Where will the early promise of genetic editing take us?

Genetic editing as we know it today arose from a process referred to as CRISPR-Cas9. More than 10 years ago scientists discovered repetitive sequences of genetic code in bacteria. These sequences are part of the bacteria’s immune response to harmful organisms like bacteriophages. But for geneticists, understanding these repeating sequences and the spaces between them made it much easier to find, modify or turn off a specific piece of DNA in plants and animals.

Unlike the early transgenic GMOs, there is no foreign genetic material inserted into the DNA. It’s also much more inexpensive than transgenic processes and can be done without complicated or expensive lab equipment.  

So if it’s been around for over 10 years, where are all the miraculous CRISPR applications? There are dozens that are close to releasing and some of the more compelling developments for both agriculture and human health will be listed here. Many have slipped under the radar of mainstream and even farm media, but one CRISPR story received a lot of attention.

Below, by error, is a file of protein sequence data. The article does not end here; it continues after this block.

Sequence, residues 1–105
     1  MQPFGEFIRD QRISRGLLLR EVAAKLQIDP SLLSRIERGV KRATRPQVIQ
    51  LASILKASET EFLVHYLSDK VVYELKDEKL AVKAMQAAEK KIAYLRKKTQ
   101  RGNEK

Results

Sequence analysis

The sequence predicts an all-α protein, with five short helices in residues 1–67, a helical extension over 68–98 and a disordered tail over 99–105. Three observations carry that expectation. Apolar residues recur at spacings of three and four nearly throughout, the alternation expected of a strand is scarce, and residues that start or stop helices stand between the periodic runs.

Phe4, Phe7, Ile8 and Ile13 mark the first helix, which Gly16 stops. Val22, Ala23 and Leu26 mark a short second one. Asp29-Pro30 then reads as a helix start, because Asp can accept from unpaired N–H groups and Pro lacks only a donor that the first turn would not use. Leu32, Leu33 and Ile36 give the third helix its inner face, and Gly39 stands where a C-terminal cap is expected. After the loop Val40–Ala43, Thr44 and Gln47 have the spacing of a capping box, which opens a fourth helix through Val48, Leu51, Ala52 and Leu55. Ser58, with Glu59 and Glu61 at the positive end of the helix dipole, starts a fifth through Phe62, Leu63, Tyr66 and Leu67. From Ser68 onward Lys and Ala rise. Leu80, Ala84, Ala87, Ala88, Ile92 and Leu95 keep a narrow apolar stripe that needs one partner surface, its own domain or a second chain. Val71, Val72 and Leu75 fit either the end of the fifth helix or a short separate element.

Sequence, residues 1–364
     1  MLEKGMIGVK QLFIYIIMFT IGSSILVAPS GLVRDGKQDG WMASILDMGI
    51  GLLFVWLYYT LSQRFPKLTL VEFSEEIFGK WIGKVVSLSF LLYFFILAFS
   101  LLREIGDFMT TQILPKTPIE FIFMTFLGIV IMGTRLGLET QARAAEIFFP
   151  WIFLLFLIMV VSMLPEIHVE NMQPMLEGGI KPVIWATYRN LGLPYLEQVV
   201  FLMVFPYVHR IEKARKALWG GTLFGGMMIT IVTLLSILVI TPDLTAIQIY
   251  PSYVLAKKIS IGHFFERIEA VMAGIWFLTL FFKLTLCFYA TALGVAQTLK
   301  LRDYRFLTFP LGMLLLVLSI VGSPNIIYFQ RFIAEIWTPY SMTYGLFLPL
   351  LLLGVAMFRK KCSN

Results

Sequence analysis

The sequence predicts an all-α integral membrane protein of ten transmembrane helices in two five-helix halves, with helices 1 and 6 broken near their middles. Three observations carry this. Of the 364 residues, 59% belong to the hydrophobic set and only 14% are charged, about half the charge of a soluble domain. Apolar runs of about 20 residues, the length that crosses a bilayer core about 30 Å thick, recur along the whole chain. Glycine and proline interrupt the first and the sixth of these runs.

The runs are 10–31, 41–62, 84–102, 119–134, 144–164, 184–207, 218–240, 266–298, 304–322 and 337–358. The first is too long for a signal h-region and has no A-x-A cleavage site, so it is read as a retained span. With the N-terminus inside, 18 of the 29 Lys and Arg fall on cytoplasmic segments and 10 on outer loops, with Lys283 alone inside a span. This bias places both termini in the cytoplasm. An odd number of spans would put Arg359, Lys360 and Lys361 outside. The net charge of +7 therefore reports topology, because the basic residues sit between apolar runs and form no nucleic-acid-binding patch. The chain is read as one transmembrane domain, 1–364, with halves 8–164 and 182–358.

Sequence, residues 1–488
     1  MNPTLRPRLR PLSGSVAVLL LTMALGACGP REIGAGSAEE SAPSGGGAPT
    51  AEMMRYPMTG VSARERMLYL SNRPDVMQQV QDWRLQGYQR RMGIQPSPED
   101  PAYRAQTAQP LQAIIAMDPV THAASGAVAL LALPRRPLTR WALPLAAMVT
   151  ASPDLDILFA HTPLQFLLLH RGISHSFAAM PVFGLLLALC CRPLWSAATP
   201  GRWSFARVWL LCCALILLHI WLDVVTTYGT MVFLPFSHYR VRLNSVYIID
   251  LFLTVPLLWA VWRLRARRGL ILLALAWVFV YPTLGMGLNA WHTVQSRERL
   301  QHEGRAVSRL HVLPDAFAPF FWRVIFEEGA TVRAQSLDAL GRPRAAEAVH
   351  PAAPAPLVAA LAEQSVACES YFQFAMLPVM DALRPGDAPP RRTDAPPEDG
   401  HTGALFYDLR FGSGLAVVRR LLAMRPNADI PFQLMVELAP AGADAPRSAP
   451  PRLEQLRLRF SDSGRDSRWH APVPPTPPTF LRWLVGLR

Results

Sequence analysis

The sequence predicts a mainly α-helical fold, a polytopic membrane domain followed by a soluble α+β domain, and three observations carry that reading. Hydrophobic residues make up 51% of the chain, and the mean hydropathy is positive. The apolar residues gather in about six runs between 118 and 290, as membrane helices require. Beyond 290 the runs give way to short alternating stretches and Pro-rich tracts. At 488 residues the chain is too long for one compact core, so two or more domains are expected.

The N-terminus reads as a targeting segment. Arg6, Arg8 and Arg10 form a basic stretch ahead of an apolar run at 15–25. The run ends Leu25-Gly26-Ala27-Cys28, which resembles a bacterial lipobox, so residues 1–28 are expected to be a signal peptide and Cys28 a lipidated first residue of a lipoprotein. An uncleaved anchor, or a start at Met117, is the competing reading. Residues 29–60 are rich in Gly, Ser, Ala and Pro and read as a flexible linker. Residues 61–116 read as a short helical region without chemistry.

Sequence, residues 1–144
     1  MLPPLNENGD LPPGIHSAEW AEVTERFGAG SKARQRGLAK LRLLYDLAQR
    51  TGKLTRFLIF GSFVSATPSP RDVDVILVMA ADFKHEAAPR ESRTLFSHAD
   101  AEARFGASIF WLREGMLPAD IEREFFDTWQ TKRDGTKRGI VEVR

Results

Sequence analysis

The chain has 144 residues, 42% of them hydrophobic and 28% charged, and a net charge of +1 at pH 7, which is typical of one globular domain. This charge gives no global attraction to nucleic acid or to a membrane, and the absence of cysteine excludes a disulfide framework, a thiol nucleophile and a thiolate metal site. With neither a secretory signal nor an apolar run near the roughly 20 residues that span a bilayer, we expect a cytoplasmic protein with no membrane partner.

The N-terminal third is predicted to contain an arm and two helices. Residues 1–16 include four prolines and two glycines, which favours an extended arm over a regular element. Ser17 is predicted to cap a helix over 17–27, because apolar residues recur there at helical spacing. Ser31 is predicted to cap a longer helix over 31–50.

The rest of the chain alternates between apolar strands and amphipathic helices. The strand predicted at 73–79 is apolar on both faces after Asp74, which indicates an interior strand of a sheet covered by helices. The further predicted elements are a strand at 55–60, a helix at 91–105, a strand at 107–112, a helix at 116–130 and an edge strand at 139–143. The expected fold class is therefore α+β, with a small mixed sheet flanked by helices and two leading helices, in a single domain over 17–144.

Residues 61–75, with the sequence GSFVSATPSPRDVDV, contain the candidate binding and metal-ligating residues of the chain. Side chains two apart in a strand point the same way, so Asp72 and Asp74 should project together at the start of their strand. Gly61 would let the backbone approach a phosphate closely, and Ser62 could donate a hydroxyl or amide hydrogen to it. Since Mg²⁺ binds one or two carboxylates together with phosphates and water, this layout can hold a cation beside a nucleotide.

On the regulatory front, it’s no surprise that there are differing views on how gene-editing technology should be regulated for agriculture. Canada’s current approach is that gene-edited crops should face the same approval process as transgenic traits. The United States recently adopted a less rigorous approach and views gene-edited organisms as similar to traditionally bred ones, with faster results. We know that disparities in regulatory and approval processes can cause issues for trade, so monitoring how genetic editing of crops and livestock are viewed by our trading partners is important going forward. The rapid advances in gene editing will force all countries to continue to re-evaluate their regulatory approach.

Read the complete article at www.fcc.fac.ca.

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